To determine progress through the training, we compared the longest lag interval reached by Session 3 on Day 1 (to give us a sense of baseline abilities) against the longest lag interval achieved by the end of the training (i.e., session 24, Day 6) following Jennings et al. (2005). These Day 1 scores did not appear to be obscured by a ceiling effect: Only one participant progressed as rapidly as possible through the initial (short) lags – all the others made repetition errors initially. A repeated measures t-test showed a significant improvement from the baseline lag interval reached by Session 3 on Day 1 (M = 2.00, SD = 0.79) to the maximum lag interval reached by the end of training (M = 21.53, SD = 18.43), t(29) = 5.92, p < 0.001, d = 1.96 (Figure 3).
Recognition memory on the training and control tasks
To assess recognition memory, we calculated the probability of responding “yes” to studied items (hits) and to new items on their first presentation (new false alarms). For both scores, we compared the average performance on Day 1 (collapsed across the four sessions that day) against the average performance on Day 6 (collapsed across the four sessions that day). Hit and false alarm rates and discrimination (d′) and response bias (C; Snodgrass and Corwin, 1988) indices are listed in Table 2. Please refer to Figure 4 for individual participant changes in discrimination index in each group. We conducted a 2 × 2 [Group (Recollection training, Recognition control) × Time (Beginning, End)] mixed analysis of variance (ANOVA) for each of these four variables. Hits and false alarms were corrected by adding 0.5 to the number of hits (or false alarms respectively) and dividing by the number of items +1, to correct for situations in which scores were at ceiling or at floor (as per Snodgrass and Corwin, 1988).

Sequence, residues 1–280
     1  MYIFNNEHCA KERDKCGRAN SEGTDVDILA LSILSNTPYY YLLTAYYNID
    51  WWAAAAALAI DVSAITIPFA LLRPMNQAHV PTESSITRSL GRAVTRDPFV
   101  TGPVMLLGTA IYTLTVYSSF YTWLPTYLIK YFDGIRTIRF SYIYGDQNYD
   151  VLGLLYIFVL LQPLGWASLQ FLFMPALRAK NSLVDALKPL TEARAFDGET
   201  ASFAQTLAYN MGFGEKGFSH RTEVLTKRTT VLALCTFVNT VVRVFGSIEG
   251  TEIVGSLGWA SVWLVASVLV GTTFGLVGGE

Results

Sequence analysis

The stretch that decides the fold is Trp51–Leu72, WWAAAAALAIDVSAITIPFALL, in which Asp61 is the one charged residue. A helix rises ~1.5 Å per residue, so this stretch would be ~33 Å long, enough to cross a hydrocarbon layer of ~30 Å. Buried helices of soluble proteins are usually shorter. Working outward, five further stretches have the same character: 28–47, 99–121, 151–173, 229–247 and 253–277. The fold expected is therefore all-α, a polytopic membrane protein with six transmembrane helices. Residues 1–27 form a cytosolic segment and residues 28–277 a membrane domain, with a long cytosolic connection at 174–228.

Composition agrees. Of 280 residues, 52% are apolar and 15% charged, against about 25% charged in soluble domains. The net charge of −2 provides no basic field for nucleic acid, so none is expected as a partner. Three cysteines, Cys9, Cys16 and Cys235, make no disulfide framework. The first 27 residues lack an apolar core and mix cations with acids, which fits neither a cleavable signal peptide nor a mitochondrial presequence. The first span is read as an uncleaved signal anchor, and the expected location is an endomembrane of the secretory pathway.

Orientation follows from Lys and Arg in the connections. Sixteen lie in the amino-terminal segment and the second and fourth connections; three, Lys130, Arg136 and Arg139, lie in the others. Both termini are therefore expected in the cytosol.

FIGURE 4. Discrimination Index for each participant in (A) the recognition control group and (B) the recollection training group on Day 1 and Day 6 of training.
TABLE 2. Hit and false alarms rates, and discrimination index (d′) and response bias (C) at Day 1 and Day 6 of training.
The recognition control group obtained an overall higher hit rate than the recollection training group, F (1,49) = 12.95, p = 0.001, η2 = 0.21. There was no significant time effect, F(1,49) < 0.001, p = 0.99, η2 = 0 or interaction, F(1,49) = 2.07, p = 0.16, η2 = 0.04.
Both groups decreased significantly in their false alarm rates, F(1,49) = 14.81, p = 0.0003, η2 = 0.23 from the beginning to the end of training, but no group F(1,49) = 0.73, p = 0.40, η2 = 0.02 or interaction effects, F(1,49) = 1.21, p = 0.27, η2 = 0.02 were observed.
Both groups improved in their discrimination (d′) over time F(1,49) = 13.70, p = 0.001, η2 = 0.22. No group, F(1,49) = 3.57, p = 0.07, η2 = 0.07, or interaction effect, F(1,49) = 0.12, p = 0.73, η2 = 0.002, was observed.
Finally, both groups became more conservative in their responses over time, F(1,49) = 9.46, p = 0.003, η2 = 0.16 and overall the recollection training group was more conservative than the recognition control group, F(1,49) = 14.14, p = 0.0005, η2 = 0.22. The degree of change did not differ significantly between the two groups, however: interaction F(1,49) = 2.77, p = 0.11, η2 = 0.05.
Predictors of training gains